CNET First Look
Leica Q is quintessentially LeicaThis full-frame compact camera delivers everything you'd expect from a Leica, from sharp pics to a steep price.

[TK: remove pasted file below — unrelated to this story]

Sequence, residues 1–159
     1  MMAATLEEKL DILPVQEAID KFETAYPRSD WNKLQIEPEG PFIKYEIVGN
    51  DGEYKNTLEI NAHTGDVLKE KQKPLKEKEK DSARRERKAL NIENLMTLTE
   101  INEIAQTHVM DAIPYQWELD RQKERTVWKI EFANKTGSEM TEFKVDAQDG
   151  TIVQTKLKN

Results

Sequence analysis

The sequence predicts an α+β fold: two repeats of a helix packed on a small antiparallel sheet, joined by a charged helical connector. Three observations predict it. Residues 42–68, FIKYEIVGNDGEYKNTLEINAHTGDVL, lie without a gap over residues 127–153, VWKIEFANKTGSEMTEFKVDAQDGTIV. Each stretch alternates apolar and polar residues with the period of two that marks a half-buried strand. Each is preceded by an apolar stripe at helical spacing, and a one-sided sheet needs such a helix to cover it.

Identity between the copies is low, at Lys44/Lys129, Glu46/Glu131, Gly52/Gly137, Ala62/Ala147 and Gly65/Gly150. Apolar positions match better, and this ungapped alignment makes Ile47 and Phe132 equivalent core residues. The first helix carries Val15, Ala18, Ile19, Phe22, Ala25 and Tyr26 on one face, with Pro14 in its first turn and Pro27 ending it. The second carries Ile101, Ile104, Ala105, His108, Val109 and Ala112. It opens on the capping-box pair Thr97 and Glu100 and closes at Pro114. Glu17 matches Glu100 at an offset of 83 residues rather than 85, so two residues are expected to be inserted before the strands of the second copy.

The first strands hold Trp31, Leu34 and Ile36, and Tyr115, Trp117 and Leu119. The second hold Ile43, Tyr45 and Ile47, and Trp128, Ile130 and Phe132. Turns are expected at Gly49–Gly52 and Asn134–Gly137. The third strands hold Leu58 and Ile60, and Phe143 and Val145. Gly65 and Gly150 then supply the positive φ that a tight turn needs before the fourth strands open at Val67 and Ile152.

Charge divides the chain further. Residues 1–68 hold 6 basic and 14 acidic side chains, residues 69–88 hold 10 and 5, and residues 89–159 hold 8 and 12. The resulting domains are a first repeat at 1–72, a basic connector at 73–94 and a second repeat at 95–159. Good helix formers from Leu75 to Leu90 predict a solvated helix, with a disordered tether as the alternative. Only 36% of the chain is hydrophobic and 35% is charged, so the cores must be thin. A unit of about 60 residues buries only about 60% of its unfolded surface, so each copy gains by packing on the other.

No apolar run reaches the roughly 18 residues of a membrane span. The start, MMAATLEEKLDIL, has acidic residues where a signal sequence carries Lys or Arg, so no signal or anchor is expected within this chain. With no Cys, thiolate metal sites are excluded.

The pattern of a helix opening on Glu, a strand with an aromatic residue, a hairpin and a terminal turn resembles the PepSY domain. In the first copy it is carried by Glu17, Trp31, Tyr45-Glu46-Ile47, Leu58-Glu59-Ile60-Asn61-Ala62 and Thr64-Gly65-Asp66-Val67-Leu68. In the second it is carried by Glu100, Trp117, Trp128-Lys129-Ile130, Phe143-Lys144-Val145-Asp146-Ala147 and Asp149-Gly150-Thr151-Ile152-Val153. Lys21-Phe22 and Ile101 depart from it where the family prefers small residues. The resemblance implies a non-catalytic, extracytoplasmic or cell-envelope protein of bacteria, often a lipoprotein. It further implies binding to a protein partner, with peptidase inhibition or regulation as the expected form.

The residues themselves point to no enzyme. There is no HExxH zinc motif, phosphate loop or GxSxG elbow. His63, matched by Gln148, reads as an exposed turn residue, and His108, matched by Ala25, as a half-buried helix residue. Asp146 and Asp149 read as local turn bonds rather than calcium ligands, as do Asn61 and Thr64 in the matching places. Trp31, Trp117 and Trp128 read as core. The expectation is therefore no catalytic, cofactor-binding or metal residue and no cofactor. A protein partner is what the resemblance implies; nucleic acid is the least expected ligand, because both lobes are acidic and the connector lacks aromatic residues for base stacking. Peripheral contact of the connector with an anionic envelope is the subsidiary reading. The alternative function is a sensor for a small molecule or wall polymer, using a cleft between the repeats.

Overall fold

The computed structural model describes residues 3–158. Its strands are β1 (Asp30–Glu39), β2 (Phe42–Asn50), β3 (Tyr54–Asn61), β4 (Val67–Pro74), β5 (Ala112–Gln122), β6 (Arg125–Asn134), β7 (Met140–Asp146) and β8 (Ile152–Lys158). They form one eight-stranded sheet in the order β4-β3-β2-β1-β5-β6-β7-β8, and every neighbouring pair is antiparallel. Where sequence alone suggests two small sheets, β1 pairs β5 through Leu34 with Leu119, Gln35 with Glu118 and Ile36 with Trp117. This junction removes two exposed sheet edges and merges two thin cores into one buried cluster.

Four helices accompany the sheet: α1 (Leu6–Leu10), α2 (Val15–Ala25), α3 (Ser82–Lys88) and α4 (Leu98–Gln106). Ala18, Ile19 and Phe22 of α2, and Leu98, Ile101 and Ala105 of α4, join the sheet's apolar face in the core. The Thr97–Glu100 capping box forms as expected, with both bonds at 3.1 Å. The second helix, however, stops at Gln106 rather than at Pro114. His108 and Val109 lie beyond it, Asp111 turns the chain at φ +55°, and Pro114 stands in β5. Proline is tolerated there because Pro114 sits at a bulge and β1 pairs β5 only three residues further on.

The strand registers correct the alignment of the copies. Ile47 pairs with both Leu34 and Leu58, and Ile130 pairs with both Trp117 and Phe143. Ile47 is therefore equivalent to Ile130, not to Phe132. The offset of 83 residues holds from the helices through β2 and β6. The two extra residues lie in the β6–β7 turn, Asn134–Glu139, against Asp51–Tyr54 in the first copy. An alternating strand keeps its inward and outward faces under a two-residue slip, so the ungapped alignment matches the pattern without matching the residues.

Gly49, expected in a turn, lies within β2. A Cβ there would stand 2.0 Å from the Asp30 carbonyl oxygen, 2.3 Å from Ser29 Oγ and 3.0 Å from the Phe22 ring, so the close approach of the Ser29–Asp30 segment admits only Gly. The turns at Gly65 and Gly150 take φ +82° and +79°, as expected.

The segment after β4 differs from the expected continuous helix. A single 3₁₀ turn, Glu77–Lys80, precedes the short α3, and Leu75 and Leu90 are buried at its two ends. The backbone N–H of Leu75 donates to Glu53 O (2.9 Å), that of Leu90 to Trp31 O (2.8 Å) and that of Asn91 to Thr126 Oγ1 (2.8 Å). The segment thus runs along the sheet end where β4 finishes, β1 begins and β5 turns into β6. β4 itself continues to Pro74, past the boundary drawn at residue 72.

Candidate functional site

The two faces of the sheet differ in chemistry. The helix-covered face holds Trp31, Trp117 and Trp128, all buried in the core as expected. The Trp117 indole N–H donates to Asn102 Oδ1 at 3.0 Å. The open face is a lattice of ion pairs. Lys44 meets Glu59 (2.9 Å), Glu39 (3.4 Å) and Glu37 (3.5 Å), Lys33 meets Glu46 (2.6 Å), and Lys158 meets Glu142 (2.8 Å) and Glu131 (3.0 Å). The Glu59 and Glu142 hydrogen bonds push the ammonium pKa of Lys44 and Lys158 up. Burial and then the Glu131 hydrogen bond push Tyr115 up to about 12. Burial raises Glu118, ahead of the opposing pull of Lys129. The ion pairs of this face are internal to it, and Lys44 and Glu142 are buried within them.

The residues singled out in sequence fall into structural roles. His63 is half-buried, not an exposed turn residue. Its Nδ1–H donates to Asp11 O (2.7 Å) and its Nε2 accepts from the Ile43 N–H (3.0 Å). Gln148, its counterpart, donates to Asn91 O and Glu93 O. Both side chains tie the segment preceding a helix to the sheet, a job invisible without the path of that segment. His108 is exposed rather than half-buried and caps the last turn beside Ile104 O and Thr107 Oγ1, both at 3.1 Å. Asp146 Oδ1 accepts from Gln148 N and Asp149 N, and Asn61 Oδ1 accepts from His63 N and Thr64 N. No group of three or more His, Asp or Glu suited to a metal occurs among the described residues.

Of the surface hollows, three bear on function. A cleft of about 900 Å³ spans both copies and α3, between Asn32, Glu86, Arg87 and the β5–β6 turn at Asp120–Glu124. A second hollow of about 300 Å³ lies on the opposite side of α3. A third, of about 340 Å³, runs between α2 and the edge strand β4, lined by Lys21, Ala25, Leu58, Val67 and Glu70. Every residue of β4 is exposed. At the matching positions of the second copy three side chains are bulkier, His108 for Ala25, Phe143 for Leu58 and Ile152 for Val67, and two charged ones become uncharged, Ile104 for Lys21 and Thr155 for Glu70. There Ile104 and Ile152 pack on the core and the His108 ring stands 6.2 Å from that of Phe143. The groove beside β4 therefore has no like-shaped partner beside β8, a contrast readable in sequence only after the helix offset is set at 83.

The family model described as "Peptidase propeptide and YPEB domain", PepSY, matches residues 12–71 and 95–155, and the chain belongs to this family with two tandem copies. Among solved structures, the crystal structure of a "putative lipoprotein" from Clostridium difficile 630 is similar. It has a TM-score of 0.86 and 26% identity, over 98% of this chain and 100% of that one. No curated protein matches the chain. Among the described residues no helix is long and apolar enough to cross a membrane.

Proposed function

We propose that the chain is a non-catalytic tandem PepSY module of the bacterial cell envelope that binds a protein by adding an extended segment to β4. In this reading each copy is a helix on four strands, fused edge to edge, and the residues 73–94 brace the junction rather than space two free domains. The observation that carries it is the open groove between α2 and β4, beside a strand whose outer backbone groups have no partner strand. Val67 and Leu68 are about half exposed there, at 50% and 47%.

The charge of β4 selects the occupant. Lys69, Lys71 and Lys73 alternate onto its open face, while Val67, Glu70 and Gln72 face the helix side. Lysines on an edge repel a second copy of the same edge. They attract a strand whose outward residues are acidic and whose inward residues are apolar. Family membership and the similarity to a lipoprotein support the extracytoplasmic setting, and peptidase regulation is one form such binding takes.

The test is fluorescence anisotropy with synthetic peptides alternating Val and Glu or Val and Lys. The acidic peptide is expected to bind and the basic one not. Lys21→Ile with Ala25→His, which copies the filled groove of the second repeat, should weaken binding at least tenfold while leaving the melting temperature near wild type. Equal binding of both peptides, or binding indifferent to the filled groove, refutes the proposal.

For a variety of reasons, I've never been a big Leica fan. I only put that out there so that you have context when I say that the Leica Q is the first Leica I have ever wanted. At $4300, I'll never own one, but this full-framed, fixed-lense compact incorporates all of Leica's traditional quality in aesthetics. It doesn't leave out the modern feature that many of us want, like contrast auto focus, optical image stabilization, a touch screen and Wi-fi. I'm Lori Grunin for CNet and this is the Leica Q. The Q combines a Leica 24 megapixel four frame semo sensor and a 28 millimeter F17 lens in a midsized body It weighs almost a pound and a half, thank to it's aluminum top and magnesium alloy housing. The lens is aperture and focus range as well as macro focus ring which changes the distance scale. There is a switch to rotate the focus ring to the auto focus position. You can put the camera on auto, shutter or aperture priority modes by rotating the relevant dials to A. The lense rings feel great. Not too loose, not too tight. The electronic viewfinder and LCD auto-switch, and the EVX is big and bright. Leica created an indentation, rather than a protrusion for the thumb rest. Which is just right for one handed shooting. The touch screen has limited uses. On the que you can only use it for touch focus, touch shutter, and scrolling through photos. Besides from the lack of a grip, my only big complaint about the design, is the location of the SD card slot in the battery compartment, and that it is not dust and weather sealed. I'm not crazy about the back navigation switch. Given the amount of space, seems awfully small. The [UNKNOWN] comes with a lens hood and a lens cap that can fit over it. Note that it doesn't have a flash. The camera doesn't have a huge shooting feature set, but it has what it needs. There's manual focus peaking, auto focus during video and thirty five millimeter and fifty millimeter crop modes with the full frame information preserved in the dmg file. There are even scene program exposure modes if you want them. It can shoot 1080 60p and 30p video, but not 24p. The photo quality is lovely with accurate, but saturated color and an excellent tonal range. Images are insanely sharp with beautiful out of focus areas and edge to edge sharpness. The video looks really nice as well. Like it's chosen to perform only color noise reduction in the JPEG processing, and there's absolutely no luminance processing. There are a couple of potential issues, though. First, the photos above ISO 12,500 have noticeable horizontal striations in the images that I couldn't retouch out. Second, it's quite prone to moiré. The performance is quite good for both single shot and continuous shooting. It can burst unlimited JPEGs at 4.7 frames per second, with autofocus. Though the tracking autofocus doesn't work terribly well. And the continuous autofocus is far too easily distracted when shooting video. And it pulses when it's not distracted. The Leica Q is a pleasure to shoot with and provides equal delight when you get home and look at your photos and videos.